The Rafael Hernández School was founded in the 1970s, when many Puerto Ricans were migrating to Boston. At that time, no school was equipped to handle the special needs of children whose first language was not English and the children were not being serviced by the school system. In response to this need, community activists petitioned the school committee to establish a school where Latino students’ educational needs could be met. The school committee agreed to establish a school named after Rafael Hernández, a Puerto Rican poet, composer and musician whose songs dealt with the loneliness and isolation of migration and the difficulty of fitting in. His songs have become classics in the Latino culture today.
In the beginning, the Rafael Hernández School was set up exclusively for Latino children. The children were recruited door to door, where parents, so alienated from the system, had been keeping them home.
When the Boston desegregation order was handed down in 1976, it was decided that the most educationally appropriate way to integrate the Hernández would be to make it a two-way language school. In 1987, the school was moved to its current location in order to increase the number of students who would be able to attend the school. Following the successful move, parents decided to petition the School Committee to further expand the school to the 8th grade. Permission was granted in 1991 and the Hernández officially became a K-8 school. 1994 was the beginning of Expeditionary Learning and the gradual restructuring of the school into a model of thematic, hands-on learning.
Today children come together at the school to celebrate two languages, Spanish and English, and to honor the heritage of the many nations from which they come. The children that you will see are current Hernández students. As you watch them at work, you will see their ethnic and cultural diversity. We ask that you also look for the “light in their eyes” that has come from meaningful learning experiences and our efforts to help all of our students to learn that they are capable and that they are important members of our school community.
Early Leaders Ken Larson and Margarita Muñiz
The Rafael Hernández School cherishes the memories of Margarita Muñiz and Ken Larson, two beloved leaders of our school who passed away in 2011.
Margarita Muñiz spent 39 years in the Boston Public Schools, 30 of them as the Principal of the Rafael Hernández School. Ms. Muñiz came to America at age eleven without her parents, and throughout college, it was her dream to work for the Boston Public Schools and make a difference in the lives of children for whom English was a second language.
Under Margarita’s leadership, the Hernández School has been nominated as an Effective Practice School by the BPS, received a 2005 Teacher Team of the Year from USA TODAY, and has had three teachers nominated by the Mayor’s Office as Boston Teacher of the Year.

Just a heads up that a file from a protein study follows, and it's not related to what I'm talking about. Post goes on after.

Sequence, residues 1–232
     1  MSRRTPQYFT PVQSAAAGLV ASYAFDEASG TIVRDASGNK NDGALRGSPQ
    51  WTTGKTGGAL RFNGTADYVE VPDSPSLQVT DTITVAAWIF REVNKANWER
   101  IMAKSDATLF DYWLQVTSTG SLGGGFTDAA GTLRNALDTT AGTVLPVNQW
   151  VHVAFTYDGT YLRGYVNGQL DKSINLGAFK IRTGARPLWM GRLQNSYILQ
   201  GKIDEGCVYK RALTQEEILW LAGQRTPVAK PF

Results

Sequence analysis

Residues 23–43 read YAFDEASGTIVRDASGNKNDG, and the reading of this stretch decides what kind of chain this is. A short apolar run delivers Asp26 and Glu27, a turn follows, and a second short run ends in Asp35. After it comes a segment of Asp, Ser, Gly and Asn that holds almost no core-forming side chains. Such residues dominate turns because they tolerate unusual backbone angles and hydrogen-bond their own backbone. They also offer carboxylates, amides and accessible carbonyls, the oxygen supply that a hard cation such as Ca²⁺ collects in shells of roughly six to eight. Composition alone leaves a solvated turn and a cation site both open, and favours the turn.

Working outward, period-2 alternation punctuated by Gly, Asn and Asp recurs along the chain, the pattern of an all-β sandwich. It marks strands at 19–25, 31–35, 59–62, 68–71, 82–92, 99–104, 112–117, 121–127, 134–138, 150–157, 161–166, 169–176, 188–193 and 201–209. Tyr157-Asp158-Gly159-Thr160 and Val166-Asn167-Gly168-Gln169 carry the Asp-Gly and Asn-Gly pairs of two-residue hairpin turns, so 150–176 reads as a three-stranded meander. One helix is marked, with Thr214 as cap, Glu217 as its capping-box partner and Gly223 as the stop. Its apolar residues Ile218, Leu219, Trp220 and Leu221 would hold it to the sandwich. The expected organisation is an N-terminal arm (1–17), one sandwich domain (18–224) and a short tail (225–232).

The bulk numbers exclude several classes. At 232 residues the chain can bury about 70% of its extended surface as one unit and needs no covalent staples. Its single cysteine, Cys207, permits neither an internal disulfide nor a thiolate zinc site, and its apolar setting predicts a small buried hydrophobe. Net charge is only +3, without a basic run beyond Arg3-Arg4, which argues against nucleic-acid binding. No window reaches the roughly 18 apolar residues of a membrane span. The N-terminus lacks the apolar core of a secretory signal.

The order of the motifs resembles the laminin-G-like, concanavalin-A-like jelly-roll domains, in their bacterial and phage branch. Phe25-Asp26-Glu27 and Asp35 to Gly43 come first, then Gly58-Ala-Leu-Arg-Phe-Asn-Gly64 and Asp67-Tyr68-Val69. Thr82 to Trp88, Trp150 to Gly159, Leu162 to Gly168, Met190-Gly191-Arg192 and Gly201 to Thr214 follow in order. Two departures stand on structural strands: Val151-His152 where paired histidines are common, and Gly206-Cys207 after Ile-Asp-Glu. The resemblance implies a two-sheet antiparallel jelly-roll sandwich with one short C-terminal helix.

Ms. Muñiz began her career with the Boston Public Schools in 1972 as an English as a Second Language (ESL) teacher in the Office of Bilingual Education. She served as District Coordinator of Bilingual Education in the Multicultural Office. In 1981 she became Acting Principal of the Hernández School and became permanent in 1983.
Margarita received several awards in recognition of her many contributions as a bilingual educator and leader in Massachusetts. Among her numerous recognitions, she was Boston Public Schools Principal of the Year in 2009, a Barr Foundation Fellow from 2007 to 2010, and named one of 100 Outstanding Women in Massachusetts in 2003. Margarita was also honored for her contributions and leadership by Governor Patrick as the State House recognized Hispanic educators in Massachusetts.
Margarita passed away after a long battle with cancer in November of 2011. In September of 2012, the Margarita Muniz Academy, a groundbreaking bilingual high school, opened in Jamaica Plain.
Ken Lowell Larson grew up on his family’s farm in Grenora, in northwestern North Dakota. Following high school, Ken attended the University of North Dakota in Grand Forks and graduated with a Bachelor’s Degree in Speech Pathology. After college, Ken moved to Port Townsend, Washington and started his school career as a speech pathologist in the Port Townsend/Port Angeles schools. Ken later moved to Seattle, Washington where he expressed his culinary and artistic talents by establishing both a catering and upholstery business.
Ken’s next and final move was to Boston, Massachusetts where he spent 27 years as an administrator with the Rafael Hernández School. Ken spent his professional life as the Director of Operations and Assistant Principal for the Rafael Hernández School, where he worked side by side with his great friend, Margarita Muñiz. Ken was an outstanding educator and administrator. He was instrumental in supporting Principal Margarita Muñiz, and, together, they made the Hernández School an outstanding two-way bilingual school.
Ken’s passions included traveling the world. Each summer at the end of the school year, Ken Margarita took time out to explore the world. These places included Europe, Central and South America, Egypt, Norway, and the Galapagos Islands. Ken loved to cook and enjoyed foods from all over the world.
Ken passed away unexpectedly in November of 2011.